Justin White, landscaping course | Allied environmental additions for landscaping – Santa Cruz Sentinel
As landscapers, the great outdoors are our sacred realm and we have a responsibility to help care for them. Gardening and land management can be a restorative hobby for some, but it can also be a practical avenue to contribute to the environment. Producing more green materials will help purify the air, reduce pollution and generate pollination, which will result in a happier and cleaner planet. There are so many types of beneficial plants and trees that support the health of our Earth, but here are some of the favorites that work well in our Central Coast climate. Consider including more of these “green” options when planning your next outdoor space.
Fragrant and beautiful, lavender is a lush addition to any home or garden. It attracts beneficial insects, butterflies and bees, making it a valuable choice for pollination. Place this purple flowering plant near gardens where bees and other pollinators can’t resist its charm. The herb is also well known for its medicinal benefits, including its soothing, calming and healing properties. Resistant to warmer climates, lavender thrives here in California and is easy to care for, mostly requiring only sun and adequate drainage.
The larger the “plant”, the more carbon dioxide it can absorb and therefore the more oxygen it can release into the air. However, the larger the “plant”, the more dangerous it can be. Eucalyptus trees are here in great quantity whether we like it or not, so let’s start proactively and conscientiously nurturing and caring for them. Near the top of the list of carbon dioxide absorbers are eucalyptus trees which store around 70 pounds of CO2 per year! Established in the Santa Cruz region in the late 1800s, eucalyptus has become one of the most common trees on our coast.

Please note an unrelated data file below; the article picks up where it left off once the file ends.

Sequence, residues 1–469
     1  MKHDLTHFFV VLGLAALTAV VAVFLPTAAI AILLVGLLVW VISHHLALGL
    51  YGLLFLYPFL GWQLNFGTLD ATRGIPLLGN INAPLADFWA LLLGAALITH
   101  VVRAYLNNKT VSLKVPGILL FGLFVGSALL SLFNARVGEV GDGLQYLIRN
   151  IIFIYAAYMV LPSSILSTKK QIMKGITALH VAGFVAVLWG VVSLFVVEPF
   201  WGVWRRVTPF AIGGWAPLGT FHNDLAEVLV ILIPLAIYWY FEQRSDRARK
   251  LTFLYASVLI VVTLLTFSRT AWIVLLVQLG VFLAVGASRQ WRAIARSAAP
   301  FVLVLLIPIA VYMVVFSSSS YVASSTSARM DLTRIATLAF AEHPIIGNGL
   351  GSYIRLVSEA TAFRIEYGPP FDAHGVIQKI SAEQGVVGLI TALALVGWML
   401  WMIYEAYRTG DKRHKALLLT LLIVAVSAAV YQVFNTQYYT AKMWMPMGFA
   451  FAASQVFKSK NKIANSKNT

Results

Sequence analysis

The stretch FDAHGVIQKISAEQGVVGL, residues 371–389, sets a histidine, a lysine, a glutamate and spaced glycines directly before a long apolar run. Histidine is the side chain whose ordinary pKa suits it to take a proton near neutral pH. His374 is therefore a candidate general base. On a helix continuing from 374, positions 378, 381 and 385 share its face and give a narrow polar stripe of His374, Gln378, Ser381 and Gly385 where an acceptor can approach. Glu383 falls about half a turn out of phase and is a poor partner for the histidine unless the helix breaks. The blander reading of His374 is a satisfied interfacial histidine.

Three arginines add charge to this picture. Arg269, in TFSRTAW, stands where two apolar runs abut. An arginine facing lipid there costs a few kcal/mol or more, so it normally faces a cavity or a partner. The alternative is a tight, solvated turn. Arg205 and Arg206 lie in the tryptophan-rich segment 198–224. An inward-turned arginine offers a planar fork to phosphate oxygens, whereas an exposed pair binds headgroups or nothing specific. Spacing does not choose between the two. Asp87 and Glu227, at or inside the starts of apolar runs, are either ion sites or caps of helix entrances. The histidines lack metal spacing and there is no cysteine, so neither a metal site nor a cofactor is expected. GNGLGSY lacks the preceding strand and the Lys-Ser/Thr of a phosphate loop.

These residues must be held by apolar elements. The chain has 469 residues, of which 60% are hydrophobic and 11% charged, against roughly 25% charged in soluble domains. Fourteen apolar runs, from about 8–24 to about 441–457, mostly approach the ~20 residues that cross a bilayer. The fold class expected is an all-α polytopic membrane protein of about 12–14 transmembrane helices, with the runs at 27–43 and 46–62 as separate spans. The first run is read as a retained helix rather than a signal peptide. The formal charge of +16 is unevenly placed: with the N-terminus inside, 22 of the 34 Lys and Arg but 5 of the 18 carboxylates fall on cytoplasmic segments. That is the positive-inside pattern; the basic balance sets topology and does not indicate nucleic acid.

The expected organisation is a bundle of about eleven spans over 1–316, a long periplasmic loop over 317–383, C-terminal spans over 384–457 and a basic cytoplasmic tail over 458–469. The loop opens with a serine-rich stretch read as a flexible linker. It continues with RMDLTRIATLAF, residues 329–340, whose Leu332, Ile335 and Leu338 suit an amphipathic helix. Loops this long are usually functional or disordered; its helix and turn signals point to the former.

This infamous western tree is a great addition to any California home. Redwoods, known as the tallest trees on Earth, can rise up to 350 feet in the wild and have an average lifespan of 600 years. Outperforming eucalyptus, studies have shown that redwoods capture more carbon dioxide from power plants, cars and trucks than any other type of tree on earth. The more CO2 they consume, the more they help fight climate change and improve our breathable air.
Trees can also contribute to air quality by providing shaded surfaces and cooler temperatures. If a house or building is assisted with shade from surrounding trees, it can reduce the need for conventional air conditioning and the associated gas emissions.
Even though Earth Day has just passed, don’t let that stop you from making an impact throughout the year. Contribute to our ecosystem by making conscious landscaping choices that will benefit our land for years to come!
Justin White is the CEO of K&D Landscaping, headquartered in Watsonville, California, which received the “Company of the Year 2020” award by the Pajaro Valley Chamber of Commerce. White is also the current president of the California Landscape Contractors Association (CLCA) local on the Central Coast. He is involved in several community non-profit organizations. For more information on landscaping, exterior and garden needs, contact K&D Landscaping at kndlandscaping.com.